During his time in the Chicago office of Unilever, Christopher Luxon helped the consumer goods giant burn its way through "easily half a billion dollars" a year on US advertising and promotion.

His subsequent appointment as the chief executive of Air New Zealand in January 2013 came with a rather more modest budget, but what the flag-carrier lacks in spending power it easily makes up for in zany brand initiatives and out-of-the-box guerrilla campaigns.

"Marketing gets us punching above our weight and gets us being talked about. It positions our brand as something different," Luxon tells Asian Aviation...

Iraqi Airways cold shouldered by Europe

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Customers of Iraqi Airways were left stranded across Europe in August after the European Aviation Safety Agency (EASA) rejected its request for a new operating permit on safety grounds. Despite being notified of the decision on 16 July, the flag-carrier did not inform its passengers and instead waited for national regulators to revoke their licences one-by-one over the following weeks.

With all pre-existing permits now nullified, Iraqi Airways is banned from deploying its own aircraft to the 28 member states of the European Union (EU) plus Iceland, Liechtenstein, Norway and Switzerland...

Wednesday, 5 August 2015

Cecil the lion: Airlines lighten their load

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Walter Palmer probably hollered with excitement when he pulled the trigger that killed Cecil, a 13-year-old Zimbabwean lion. A dentist from Minnesota, Dr Palmer is one the estimated 15,000 American tourists who visit Africa on hunting safaris each year. Their numbers may dwindle in 2016. Cecil, it turns out, was an illegal kill. His execution prompted a groundswell of revulsion around the globe, forcing Dr Palmer into hiding and reigniting the debate over trophy hunting. If social media voices are anything to go by, people don't much like the thought of rich whites travelling to Africa to kill things—licence or not. America's airlines, which have facilitated the trade for decades by allowing hunters to ship their trophies home, are taking note...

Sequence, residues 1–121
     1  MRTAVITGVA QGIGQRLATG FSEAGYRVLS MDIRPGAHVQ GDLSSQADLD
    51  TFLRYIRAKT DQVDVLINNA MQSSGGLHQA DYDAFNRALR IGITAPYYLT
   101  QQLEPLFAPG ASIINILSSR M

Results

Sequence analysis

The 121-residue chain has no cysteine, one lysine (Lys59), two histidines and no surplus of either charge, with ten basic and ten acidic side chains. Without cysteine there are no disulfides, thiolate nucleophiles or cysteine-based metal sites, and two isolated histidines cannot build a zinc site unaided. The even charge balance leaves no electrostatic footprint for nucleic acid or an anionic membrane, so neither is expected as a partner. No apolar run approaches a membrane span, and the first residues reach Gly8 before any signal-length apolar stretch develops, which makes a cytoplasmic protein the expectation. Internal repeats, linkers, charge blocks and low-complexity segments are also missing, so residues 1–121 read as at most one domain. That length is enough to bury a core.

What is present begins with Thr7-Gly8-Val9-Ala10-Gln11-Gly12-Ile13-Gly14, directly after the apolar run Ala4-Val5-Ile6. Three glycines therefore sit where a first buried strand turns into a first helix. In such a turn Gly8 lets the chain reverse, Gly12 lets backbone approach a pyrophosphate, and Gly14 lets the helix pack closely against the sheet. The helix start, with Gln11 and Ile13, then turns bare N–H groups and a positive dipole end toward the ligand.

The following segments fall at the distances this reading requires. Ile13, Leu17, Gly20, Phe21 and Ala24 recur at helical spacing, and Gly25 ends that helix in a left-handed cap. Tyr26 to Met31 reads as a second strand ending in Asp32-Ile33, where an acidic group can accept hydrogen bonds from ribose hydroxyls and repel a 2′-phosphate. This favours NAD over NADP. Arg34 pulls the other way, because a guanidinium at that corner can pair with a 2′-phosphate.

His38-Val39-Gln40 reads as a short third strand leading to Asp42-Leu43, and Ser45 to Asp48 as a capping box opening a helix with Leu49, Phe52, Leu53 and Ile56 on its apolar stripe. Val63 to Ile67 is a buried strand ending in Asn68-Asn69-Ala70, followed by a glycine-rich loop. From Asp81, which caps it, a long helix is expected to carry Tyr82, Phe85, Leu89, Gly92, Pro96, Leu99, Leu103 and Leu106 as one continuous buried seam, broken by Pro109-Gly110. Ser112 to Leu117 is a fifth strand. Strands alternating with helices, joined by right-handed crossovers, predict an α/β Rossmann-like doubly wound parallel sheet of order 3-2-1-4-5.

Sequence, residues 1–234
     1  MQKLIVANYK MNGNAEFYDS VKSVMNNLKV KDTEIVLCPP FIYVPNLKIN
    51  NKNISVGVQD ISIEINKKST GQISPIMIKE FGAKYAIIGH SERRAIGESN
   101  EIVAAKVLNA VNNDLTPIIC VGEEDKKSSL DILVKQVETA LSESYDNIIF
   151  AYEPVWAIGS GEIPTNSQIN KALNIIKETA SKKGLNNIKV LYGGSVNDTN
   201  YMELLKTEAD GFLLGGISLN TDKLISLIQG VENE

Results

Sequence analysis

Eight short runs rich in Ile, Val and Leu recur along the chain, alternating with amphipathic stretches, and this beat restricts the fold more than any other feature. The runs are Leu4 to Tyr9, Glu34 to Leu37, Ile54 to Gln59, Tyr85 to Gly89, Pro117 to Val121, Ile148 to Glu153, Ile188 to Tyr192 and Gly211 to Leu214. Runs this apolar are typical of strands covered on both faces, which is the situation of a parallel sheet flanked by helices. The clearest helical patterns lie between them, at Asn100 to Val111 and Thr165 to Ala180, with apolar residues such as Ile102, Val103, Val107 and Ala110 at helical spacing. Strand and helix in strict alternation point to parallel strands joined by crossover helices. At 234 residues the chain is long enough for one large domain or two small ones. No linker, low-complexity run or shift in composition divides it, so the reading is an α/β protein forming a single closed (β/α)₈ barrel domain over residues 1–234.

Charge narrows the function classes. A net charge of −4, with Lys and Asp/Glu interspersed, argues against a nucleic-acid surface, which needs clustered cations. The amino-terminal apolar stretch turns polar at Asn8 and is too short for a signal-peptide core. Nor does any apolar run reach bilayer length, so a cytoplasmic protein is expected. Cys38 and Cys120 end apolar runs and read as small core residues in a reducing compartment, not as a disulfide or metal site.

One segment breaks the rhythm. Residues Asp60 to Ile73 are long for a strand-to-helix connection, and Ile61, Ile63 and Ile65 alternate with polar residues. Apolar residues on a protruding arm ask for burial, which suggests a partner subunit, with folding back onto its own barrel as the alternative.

BA's throwaway runway

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Gulliver had to do a double take on Friday after reading that Willie Walsh, the chief executive of IAG, the group that owns British Airways, now opposes expanding Heathrow Airport in London. "We did not ask for it and we do not want it," he said of the hub's proposed third runway (see map), which was endorsed by the Airports Commission this summer. Funny that, given that Mr Walsh last year told the Independent: "The case was already being made before I joined BA in 2005, but a lot of my time [as chief executive of the airline] was spent arguing for a third runway...

Saturday, 1 August 2015

Clear skies ahead for Iranian aviation

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"This is the end of 'Death to America'," gushed one Tehran-based analyst as he joined the throngs of Iranians celebrating in the streets of their capital city. Following 20 months of negotiations, and 36 years of diplomatic acrimony, Iran and six global powers put their differences behind them on the 14 July with the announcement of a landmark nuclear agreement. Though the talks centred on curtailing Iran's uranium-enrichment programme, their success promised so much more: a geopolitical re-birth for an international pariah state; a social awakening for 77 million Iranians; a commercial revolution for their $420-billion economy.

Jubilation on the Iranian street was tempered by more cautious reactions in the business community...